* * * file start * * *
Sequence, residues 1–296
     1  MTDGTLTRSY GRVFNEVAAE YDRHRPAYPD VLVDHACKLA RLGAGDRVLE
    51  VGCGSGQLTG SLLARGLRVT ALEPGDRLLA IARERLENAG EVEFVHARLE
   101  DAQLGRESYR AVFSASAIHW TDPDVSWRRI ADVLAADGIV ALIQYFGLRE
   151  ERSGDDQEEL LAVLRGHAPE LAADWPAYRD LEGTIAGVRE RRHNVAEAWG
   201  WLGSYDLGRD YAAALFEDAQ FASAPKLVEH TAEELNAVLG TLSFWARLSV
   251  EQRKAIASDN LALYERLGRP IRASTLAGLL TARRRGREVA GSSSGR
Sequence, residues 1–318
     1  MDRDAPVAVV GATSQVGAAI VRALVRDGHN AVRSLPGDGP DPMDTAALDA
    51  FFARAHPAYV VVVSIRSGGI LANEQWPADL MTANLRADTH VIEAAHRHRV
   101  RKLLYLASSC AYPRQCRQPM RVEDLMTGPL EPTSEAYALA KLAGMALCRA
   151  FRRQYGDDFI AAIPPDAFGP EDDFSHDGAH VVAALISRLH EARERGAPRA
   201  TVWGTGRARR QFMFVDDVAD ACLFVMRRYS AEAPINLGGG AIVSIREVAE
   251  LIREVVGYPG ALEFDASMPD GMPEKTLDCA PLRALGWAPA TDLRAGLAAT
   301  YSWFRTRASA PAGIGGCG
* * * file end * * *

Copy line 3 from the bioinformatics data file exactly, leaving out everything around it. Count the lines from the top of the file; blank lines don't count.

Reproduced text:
    51  VGCGSGQLTG SLLARGLRVT ALEPGDRLLA IARERLENAG EVEFVHARLE